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Mining Breast Cancer Imaging Data
Software will provide key indicators
of breast cancer in seconds.
by JANE M. SANDERS
IN THE SECONDS it takes to do a Google search, a software tool under development at Georgia Tech could provide key indicators drawn from medical imaging data to help doctors making a diagnosis and prognosis of breast cancer.
courtesy of Chris Barnes
Data mining color code results indicate the availability of on-line similar case histories. (300-dpi JPEG version - 396k)
The image-enabled data mining system, which could be expanded to find other diseases, would be a support tool for breast-imaging radiologists, as well as medical researchers. The work is being supported, in part, by the Georgia Cancer Coalition (GCC).
“The software could help a radiologist better diagnose breast cancer,” says Christopher Barnes, an associate professor of electrical and computer engineering in Georgia Tech’s Regional Engineering Program in Savannah, Ga. “If the doctor finds a suspicious area on a mammogram, this software tool might help the physician decide what to do next and how urgently action is required.”
Barnes’ software would find relevant case histories over the entire archived database even one including millions of patient records.
“This tool would look at the radiologist’s region of concern in the current patient’s mammogram and, using the mammogram’s pixels as a query, determine all relevant, on-line case histories that is, others who have had suspicious mammograms with similar micro-calcification clusters,” he explains. “The purpose is to find relevant case histories with their recorded indicators, diagnosis, prognosis and outcomes to support a diagnosis and post-diagnosis decisions for the current patient.”
Barnes has gotten input from Emory University breast imaging expert Dr. Carl D’Orsi on the key information that physicians need from a database query.
The front end of the system (i.e., the doctor’s interface) would run on a desktop computer, while the database would reside on another, more powerful computing system. The doctor would submit an image of the suspicious portion of a patient’s mammogram as a query to the clinic’s archive.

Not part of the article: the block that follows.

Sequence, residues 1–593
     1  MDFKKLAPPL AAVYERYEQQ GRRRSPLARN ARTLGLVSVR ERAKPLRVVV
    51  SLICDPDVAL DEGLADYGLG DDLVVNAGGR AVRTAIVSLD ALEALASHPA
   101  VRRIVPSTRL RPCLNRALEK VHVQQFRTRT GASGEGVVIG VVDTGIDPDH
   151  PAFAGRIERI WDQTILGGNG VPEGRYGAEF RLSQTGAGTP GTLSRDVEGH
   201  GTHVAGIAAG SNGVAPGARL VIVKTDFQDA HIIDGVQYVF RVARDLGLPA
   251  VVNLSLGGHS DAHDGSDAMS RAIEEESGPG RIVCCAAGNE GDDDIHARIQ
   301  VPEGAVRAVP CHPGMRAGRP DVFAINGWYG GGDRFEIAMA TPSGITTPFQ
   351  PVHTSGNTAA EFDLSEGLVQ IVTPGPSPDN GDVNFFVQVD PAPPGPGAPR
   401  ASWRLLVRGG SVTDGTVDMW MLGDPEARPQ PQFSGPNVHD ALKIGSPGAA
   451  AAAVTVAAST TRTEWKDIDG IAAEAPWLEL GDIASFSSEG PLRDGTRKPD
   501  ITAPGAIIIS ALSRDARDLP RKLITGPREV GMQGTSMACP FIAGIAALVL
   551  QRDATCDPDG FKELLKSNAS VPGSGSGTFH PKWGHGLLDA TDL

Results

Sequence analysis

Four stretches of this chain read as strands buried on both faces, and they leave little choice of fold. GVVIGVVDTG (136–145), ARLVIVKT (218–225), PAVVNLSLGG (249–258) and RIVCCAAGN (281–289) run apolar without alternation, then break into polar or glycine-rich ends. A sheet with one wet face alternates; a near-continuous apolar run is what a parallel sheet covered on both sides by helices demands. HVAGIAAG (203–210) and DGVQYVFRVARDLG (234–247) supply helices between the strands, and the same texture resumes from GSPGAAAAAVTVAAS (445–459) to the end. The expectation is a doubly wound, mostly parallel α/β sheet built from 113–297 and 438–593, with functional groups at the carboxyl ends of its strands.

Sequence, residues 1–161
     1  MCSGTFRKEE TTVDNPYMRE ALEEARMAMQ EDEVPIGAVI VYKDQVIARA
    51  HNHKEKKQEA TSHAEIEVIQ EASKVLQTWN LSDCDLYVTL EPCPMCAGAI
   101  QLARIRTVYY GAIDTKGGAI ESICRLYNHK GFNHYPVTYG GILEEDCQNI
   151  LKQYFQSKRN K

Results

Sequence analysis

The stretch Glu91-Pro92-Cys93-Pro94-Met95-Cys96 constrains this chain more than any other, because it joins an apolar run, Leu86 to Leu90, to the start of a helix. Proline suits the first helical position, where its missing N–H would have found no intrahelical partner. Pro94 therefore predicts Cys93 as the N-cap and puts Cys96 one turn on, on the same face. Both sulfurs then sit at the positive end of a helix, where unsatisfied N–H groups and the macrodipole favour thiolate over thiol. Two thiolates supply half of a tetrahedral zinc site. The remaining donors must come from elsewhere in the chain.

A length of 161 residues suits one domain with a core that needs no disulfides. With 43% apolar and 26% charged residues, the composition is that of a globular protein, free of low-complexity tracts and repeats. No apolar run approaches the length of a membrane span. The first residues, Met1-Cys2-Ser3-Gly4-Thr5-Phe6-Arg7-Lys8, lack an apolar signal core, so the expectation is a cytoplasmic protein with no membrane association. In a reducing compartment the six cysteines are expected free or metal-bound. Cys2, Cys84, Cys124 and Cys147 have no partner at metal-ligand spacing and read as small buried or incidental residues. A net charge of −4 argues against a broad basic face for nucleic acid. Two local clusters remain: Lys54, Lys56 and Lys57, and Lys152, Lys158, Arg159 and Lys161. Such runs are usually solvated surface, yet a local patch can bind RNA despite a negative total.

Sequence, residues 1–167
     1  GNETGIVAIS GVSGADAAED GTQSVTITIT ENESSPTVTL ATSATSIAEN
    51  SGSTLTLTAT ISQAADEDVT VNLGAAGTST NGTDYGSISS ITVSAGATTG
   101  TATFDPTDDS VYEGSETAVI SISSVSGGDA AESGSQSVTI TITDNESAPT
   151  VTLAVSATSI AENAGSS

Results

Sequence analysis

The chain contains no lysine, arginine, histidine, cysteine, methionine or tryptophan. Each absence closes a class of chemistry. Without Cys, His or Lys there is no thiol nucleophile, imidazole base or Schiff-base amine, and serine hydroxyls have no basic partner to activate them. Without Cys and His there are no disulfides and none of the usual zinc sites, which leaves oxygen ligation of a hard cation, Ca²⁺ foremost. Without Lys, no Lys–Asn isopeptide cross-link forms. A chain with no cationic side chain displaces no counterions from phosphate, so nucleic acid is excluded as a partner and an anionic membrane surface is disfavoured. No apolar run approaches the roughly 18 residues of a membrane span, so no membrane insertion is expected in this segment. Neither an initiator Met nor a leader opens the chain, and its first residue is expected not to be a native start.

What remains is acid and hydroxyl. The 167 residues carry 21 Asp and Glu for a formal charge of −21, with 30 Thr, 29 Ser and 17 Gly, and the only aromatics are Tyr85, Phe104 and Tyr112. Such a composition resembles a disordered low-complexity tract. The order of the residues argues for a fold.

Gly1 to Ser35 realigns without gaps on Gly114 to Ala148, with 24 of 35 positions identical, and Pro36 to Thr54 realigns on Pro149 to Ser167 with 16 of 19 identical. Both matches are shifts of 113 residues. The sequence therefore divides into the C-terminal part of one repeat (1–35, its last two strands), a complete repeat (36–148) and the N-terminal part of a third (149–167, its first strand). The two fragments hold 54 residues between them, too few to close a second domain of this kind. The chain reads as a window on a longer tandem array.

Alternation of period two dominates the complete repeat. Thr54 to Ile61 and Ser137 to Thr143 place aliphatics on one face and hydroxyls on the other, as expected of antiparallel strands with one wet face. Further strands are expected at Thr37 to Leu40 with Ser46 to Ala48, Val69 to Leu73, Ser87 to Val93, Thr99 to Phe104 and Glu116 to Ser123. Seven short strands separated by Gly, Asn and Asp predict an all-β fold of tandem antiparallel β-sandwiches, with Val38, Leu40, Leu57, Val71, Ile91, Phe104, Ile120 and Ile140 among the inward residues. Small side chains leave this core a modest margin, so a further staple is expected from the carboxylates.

“The tool would help answer questions like: ‘What is the likelihood of a malignancy based on all the relevant case histories? Is there enough concern to order a biopsy?’ We’re trying to reduce the rate of unnecessary biopsies,” Barnes explains.
courtesy National Cancer Institute
Shown on this mammogram is a small cancerous lesion indicated by an arrow, as well as calcific deposits in the veins.
“Right now, as many as four in five biopsies prove a patient to be cancer free,” he adds. “Although a cancer-free diagnosis is wonderful news, the doctor’s order for a biopsy incurs medical risks, emotional trauma and unnecessary expense. They are ordered based on a doctor’s review of the patient’s mammogram. We’d like to get the biopsy rate down to two or three in five by helping the radiologist use comparative analysis tools. The software won’t be successful unless it can improve the unnecessary biopsy rate without increasing the missed detection rate. That is the goal for the level of care in a clinic.”
A doctor might also use this software to determine what treatment methods are most suitable based on relevant case histories. “The query results might indicate which ordered procedures have resulted in the past in the best outcomes,” Barnes explains.
“An experienced doctor may not learn as much from the database search as a new doctor,” Barnes adds. “But this tool would equalize the care provided across a clinic.”
Barnes’ software also has a clinical research application because of its potential ability to search based on multiple criteria, including imagery, patient information, diagnosis, treatment procedures, outcome history and even genomic-related clinical data, including DNA microarray results, which might indicate specific sub-types of cancer.
“Researchers want to know what genomic profiles are most at risk and what mammographic indicators might relate to these genetic profiles,” Barnes says. “They might discover possible correlations between the two. For example, a doctor might find both an environmental and DNA-based risk of breast cancer.”
Barnes began development of his software in the mid-1990s at the Georgia Tech Research Institute. The GCC grant awarded in 2003 will help him move the software toward clinical trials. Barnes believes one key advantage of his software will be its acceptance by doctors and patients. Unlike some commercial programs available, Barnes’ software does not attempt to detect cancer on its own, but instead provides comparative information to help the physician make the diagnosis and prescribe treatment.
“I believe this software is going to make a real difference,” Barnes adds.For more information, contact Chris Barnes at 912-966-7927 or firstname.lastname@example.org.
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Last updated: July 7, 2004